STUDENTS WHO have gone through higher education in Scotland now owe more than pound;1.8 billion in loans, according to figures revealed this week.
More than 350,000 borrowers, from Scotland or other EU countries, have built up the debts, figures from the Student Loans Company show.
Each student now has average debts of around pound;5,300.
The amount lent to students in Scottish higher education in 2006-07 was Pounds 197.6 million, bringing the total owed to pound;1.846 billion.
Loans paid out dwarf current repayments, which last year amounted to Pounds 51.5 million, of which pound;12.2 million of this was paid earlier than required.
Of the 352,000 borrowers, 249,000 had started paying off their debt. And in the last financial year, 8,600 paid off in full at least one of their accounts.
The pound;1.8 billion of student debts in Scotland is 10 times less than the pound;18 billion owed in England, according to the latest available figures for England from June this year.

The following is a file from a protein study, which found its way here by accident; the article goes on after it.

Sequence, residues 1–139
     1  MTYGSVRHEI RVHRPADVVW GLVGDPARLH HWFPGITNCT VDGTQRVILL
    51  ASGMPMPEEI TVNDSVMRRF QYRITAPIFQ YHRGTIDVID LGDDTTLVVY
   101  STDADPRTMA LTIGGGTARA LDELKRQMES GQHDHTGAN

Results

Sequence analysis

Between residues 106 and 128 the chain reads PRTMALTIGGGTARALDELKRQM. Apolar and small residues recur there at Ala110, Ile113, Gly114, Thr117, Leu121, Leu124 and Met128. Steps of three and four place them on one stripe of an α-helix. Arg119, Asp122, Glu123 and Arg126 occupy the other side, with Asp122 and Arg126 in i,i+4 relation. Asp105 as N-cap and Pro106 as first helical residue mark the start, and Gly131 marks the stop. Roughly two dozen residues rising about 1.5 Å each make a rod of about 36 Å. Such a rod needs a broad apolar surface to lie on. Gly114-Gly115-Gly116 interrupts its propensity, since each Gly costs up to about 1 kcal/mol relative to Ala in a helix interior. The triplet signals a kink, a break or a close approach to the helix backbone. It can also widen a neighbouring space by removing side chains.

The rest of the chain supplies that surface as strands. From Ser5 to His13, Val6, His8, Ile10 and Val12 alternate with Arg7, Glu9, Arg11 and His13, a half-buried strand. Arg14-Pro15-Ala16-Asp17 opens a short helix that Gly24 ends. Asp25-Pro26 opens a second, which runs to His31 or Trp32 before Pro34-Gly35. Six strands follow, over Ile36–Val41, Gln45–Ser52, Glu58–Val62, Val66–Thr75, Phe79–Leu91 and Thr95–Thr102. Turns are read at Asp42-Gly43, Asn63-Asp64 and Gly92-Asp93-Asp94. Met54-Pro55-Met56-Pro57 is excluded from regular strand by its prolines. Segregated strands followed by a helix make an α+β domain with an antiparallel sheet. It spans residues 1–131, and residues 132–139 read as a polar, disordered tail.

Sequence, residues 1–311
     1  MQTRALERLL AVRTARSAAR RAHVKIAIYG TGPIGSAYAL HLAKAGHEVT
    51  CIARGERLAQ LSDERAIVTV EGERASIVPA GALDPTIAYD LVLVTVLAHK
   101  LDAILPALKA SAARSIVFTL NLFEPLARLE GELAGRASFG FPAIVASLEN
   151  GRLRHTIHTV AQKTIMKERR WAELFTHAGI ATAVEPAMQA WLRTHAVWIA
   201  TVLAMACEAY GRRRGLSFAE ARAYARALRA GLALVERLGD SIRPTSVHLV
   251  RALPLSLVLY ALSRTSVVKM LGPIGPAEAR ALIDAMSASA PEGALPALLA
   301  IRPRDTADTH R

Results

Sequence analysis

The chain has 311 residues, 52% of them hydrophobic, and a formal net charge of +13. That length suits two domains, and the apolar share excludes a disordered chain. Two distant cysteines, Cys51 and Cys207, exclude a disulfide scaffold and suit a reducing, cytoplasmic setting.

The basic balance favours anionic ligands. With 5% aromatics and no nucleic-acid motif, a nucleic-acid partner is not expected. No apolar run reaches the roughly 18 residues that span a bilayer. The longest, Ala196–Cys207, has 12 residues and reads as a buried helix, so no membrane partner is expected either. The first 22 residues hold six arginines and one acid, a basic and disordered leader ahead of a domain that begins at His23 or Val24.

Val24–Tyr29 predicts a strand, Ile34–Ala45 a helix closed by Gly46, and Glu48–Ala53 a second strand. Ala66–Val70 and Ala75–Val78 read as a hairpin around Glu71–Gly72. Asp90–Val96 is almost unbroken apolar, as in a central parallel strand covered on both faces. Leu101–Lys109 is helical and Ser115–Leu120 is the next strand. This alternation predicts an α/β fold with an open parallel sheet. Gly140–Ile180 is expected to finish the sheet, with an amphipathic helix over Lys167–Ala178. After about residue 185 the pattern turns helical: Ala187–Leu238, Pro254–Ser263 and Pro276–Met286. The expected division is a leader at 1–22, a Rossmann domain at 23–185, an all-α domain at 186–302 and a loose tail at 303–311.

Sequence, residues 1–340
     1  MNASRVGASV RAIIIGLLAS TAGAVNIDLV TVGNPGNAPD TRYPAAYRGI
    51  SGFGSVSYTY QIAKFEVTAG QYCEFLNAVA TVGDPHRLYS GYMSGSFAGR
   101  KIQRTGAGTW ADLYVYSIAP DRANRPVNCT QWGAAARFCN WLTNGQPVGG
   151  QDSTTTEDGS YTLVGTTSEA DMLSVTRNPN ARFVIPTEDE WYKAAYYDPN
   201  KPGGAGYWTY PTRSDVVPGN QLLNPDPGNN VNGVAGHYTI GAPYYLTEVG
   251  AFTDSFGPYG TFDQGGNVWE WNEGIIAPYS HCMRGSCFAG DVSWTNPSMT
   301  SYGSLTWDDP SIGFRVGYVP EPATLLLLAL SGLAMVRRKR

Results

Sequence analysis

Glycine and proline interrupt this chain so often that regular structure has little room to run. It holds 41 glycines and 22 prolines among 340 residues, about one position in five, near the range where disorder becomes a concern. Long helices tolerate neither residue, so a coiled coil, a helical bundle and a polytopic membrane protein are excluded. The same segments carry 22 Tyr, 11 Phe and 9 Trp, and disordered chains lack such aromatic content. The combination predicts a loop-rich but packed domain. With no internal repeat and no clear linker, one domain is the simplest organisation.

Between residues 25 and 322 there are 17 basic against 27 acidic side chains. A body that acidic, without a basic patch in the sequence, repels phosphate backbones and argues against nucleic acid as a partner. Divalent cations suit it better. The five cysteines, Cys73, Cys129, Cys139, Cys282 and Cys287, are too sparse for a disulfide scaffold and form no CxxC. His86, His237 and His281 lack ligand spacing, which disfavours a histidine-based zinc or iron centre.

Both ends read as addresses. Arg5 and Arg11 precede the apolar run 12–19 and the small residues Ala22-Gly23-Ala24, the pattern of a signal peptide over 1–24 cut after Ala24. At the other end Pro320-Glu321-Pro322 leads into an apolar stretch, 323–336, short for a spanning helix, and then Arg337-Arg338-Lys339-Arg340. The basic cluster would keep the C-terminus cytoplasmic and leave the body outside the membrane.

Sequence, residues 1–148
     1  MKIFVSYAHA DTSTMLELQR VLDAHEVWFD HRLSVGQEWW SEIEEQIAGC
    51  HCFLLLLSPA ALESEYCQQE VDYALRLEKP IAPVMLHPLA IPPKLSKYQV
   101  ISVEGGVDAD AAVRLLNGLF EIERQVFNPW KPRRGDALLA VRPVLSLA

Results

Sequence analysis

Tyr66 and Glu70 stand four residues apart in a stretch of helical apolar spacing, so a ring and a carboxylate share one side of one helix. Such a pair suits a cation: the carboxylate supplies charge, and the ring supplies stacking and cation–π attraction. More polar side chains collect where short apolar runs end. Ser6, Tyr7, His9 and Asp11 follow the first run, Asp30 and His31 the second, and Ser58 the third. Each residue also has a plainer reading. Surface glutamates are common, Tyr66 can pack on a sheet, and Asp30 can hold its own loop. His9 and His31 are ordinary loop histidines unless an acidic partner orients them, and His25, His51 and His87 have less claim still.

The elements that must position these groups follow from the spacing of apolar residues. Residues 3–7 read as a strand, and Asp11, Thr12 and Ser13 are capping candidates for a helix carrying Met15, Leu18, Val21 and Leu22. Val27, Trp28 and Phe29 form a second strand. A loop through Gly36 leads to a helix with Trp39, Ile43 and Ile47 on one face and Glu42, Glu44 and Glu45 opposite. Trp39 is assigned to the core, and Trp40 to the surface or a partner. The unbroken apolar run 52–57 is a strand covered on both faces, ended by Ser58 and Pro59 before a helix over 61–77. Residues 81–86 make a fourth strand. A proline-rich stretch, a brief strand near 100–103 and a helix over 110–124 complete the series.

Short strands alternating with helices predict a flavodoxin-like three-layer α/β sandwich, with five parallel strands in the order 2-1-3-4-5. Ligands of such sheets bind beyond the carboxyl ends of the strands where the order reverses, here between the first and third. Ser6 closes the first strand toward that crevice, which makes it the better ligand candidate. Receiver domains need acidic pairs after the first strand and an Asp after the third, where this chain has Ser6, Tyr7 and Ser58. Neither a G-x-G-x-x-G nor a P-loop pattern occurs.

Fiona Hyslop, the Cabinet Secretary for Education and Lifelong Learning, said the figures justified recent moves by the Nationalist administration to lower student debt.
In June, the minister announced plans to scrap the graduate endowment. This replaced upfront tuition fees, which were abolished for Scottish students studying in Scotland from autumn 2000. The money from the graduate endowment goes into a central pot which is then used to pay bursaries to poorer students.
This week's figures showed pound;12.1 million was lent to students for the endowment in the last financial year.
Ms Hyslop said: " pound;1.8 billion of state-sponsored debt is not good for the individuals concerned and not good from a public finance point of view. The Government believes this is wrong. That is why, starting with the abolition of the graduate endowment, I will work to remove the burden of debt from our students."
The minister hopes to pass legislation at Holyrood on the graduate endowment by the start of April next year. Fifty thousand students would be among the first to benefit, she said.